Hussain and Quigley [11] stress that in CAM few studies have been subject to RCT´s, and if investigated employing the `gold standard´ of conventional scientific research, the quality of trials has been low. They point out that in as many as 5000 trials, as little as 10% were actually properly blinded and randomized. They conclude that studies in CAM are complicated by higher placebo response rates and consequently little progress has been made in CAM research in general and for IBS.

An RCT, performed on the efficacy of acupuncture on IBS, by Kaptchuk et al. [12] demonstrates the difficulty in association to blinding in some treatment approaches of CAM. Kaptchuk et al. [12] have blinded their trial by using sham acupuncture and although Kaptchuk et al. [12] claim that their blinding has been successful, Mason et al. [17] state that such blinding in CAM “should be treated with caution” (p.833). They point out that the patient experience of a sham treatment does differ to that in regular practice.

In conclusion to their study Kaptchuk et al. [12] emphasize “that an enhanced relationship with a practitioner, together with the placebo treatment” studied in one of their 3 groups, provided “the most robust effect” (p.6). The therapeutic relationship therefore could be rated as the strongest of non-specific effects of the study. Its dominance is markedly and proves of clinical significance in the management of IBS. Kaptchuk et al. [12] in fact stress person-centred modalities as elemental to the patient-practitioner interaction, and consequently acknowledge these as significant to the clinical outcome, although they recommend further research to verify this. They further point out that they suspected in a trial on IBS, with a markedly subjective symptomatology, to be able to best demonstrate the relevance of such non-specific effects as the therapeutic relationship. They acknowledge as a limit to their trial, that it could not be identified whether the placebo outcomes originated from true pathological improvement or were due to a mere shift in patient focus away from their symptoms of IBS, and further admit that they experienced difficulty separating observation and assessment effects.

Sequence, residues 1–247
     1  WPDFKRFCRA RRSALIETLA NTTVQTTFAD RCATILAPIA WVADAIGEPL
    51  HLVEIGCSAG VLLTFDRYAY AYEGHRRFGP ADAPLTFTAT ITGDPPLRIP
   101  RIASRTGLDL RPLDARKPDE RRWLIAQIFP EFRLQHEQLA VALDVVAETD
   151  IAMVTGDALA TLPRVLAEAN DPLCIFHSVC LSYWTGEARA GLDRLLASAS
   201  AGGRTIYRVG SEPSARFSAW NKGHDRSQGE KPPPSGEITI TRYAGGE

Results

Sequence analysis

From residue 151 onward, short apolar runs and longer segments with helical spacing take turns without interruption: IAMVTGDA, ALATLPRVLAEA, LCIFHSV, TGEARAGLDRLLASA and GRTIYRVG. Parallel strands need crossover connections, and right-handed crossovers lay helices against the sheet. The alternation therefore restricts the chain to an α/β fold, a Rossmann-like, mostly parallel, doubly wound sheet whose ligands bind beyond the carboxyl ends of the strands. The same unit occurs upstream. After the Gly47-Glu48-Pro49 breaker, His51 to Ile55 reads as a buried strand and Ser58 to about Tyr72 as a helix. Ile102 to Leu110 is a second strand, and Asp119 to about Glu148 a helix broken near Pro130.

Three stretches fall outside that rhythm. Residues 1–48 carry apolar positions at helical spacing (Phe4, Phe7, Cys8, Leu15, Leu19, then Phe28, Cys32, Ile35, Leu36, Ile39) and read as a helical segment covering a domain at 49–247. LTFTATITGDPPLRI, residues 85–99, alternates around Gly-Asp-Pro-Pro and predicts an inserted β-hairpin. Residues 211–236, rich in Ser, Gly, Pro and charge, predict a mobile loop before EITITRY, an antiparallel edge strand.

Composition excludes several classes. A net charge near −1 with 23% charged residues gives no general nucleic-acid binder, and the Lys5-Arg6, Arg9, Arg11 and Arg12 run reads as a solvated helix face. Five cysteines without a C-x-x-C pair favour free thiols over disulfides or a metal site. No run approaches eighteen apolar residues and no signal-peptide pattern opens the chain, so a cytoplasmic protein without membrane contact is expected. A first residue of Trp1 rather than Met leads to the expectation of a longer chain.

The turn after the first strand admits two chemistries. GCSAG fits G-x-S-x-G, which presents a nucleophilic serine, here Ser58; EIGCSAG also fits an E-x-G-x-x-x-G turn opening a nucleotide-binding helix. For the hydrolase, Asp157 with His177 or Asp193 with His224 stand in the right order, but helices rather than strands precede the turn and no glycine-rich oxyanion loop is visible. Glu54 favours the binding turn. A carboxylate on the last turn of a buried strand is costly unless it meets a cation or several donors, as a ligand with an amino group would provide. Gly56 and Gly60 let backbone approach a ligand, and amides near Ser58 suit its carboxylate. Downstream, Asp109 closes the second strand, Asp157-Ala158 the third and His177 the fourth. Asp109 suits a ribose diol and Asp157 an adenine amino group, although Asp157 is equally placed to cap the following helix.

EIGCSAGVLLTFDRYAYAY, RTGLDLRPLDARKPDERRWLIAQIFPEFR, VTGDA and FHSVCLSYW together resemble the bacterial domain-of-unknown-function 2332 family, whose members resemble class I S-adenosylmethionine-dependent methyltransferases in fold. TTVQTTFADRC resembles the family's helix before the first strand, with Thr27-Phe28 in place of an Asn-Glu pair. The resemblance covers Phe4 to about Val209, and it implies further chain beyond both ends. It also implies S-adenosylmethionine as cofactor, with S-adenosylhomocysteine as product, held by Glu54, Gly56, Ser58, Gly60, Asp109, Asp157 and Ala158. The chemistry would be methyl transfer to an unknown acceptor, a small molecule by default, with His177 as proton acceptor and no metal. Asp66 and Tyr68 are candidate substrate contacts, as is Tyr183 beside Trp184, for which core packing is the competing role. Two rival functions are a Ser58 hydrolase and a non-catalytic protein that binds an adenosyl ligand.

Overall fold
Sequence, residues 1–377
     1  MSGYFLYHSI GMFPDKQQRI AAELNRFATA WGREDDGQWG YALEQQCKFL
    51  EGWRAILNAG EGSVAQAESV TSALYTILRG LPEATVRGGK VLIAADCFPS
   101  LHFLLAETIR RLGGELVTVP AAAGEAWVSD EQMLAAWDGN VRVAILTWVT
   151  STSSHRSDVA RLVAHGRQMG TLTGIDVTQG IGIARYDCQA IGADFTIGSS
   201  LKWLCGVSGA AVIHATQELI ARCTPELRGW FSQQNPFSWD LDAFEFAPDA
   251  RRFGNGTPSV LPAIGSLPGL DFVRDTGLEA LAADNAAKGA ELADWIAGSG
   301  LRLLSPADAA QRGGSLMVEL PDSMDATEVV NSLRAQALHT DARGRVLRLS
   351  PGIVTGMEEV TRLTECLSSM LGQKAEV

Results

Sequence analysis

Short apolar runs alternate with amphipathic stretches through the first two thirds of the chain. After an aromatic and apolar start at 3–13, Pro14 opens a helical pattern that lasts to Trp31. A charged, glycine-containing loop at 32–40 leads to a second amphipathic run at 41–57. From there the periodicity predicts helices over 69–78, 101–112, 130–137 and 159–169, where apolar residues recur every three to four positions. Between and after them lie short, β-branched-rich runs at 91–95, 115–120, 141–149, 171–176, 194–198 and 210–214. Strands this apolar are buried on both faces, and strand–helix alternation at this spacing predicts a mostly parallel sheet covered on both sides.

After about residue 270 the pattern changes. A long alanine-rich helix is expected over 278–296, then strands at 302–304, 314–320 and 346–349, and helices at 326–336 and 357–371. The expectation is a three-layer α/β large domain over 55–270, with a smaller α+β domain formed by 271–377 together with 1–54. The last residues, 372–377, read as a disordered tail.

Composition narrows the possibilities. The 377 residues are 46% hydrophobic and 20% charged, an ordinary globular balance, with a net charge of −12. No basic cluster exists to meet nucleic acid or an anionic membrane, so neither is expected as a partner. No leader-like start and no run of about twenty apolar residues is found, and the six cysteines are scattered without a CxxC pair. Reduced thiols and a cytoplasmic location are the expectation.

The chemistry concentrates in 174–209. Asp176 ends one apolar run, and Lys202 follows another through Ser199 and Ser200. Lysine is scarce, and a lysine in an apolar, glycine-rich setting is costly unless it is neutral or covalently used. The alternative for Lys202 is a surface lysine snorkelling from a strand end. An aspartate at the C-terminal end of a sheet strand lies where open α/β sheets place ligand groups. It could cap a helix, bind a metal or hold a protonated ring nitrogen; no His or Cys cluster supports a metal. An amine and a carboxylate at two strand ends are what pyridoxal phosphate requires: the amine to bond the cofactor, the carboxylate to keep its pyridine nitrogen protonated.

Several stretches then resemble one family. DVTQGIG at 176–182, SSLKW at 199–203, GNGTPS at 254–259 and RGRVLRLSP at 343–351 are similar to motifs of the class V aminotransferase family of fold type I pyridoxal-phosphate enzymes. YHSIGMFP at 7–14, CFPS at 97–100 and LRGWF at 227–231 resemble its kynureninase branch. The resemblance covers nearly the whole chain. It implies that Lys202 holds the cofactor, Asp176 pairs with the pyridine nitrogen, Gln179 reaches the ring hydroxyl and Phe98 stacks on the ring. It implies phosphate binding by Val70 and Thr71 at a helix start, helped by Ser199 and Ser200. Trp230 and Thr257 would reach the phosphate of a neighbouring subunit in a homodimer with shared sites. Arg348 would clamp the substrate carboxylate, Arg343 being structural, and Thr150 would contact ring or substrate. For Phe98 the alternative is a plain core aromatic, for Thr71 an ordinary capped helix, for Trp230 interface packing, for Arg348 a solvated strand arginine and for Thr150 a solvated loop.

None of the above publications provided generalisable, conclusive evidence of efficacy of the therapeutic approaches for the treatment of IBS.

The potential contribution of other research designs on understanding IBS

What can be extrapolated from the above its that, beyond consensus in criteria used to identify IBS, it is essential, that in order to provide evidence for the efficacy of CAM for IBS, research models are adopted that are not ignorant of non-specific effects, and in fact identify such influential factors.  The gold-standard RCT cannot provide this. The above has shown that the possibility exists that “the non-specific components of treatment may be vehicles for the delivery of clinical benefits” [29] (p.187). RCTs are designed to investigate into one single quantitative effect [5]; [27], an aspect that entirely ignores the qualitative idiosyncratic approach of CAM [17]; [27]. A research methodology investigating into CAM must meet the demand of high scientific rigor and must be able to merge this with the holistic principles underlying the practices of CAM disciplines [17]; [29].

The identification of a blind-able placebo is another aspect complicating RCT approaches to research in CAM [17]; [27]; as could be extrapolated above in the study by Kaptchuk et al. [12].  Randomization may also be difficult, the patients prepared to participate in this type of trial, may be influenced in their decision by their own preference and belief [17]; [27]; [28].

It has been attempted to modify RCTs to adopt a more qualitative assessment. In what is termed `pragmatic RCT´, it was sought to create a model that investigates the entire system of a discipline within its individualised context [27]. Unfortunately, this format is restrictive and only partially meets the demand for a trial assessing multiple aspects of a holistic treatment approach [27]. Randomization, a blind-able placebo, as mentioned above, and the exclusion of influence of the therapeutic relationship with the practitioner are only marginally achievable [27]. Other variations of RCT´s, such as `preference trials´ [27] and `n-of-1 trials´ [28], have been identified to be likewise restrictive.

The `formal case study´ is a model for investigation that seeks to combine the conventional RCT design with the homeopathic patho-genetic trial, the homeopathic proving [25]. RCTs on homeopathy are flawed as the control with placebo is identifiable at follow-up level and the patient-practitioner relationship may be influential on the outcome [25], as is shown in the above analysis of studies in CAM. The formal case study delivers information on the contextual effects of the researched intervention and is adaptable to other alternative treatment approaches, nonetheless it is also criticised as being inconclusive [25]. A still unmet requirement for the `FCS´, is to master the divergence of the interpretative outcomes established by the different researchers analysing the same data [25].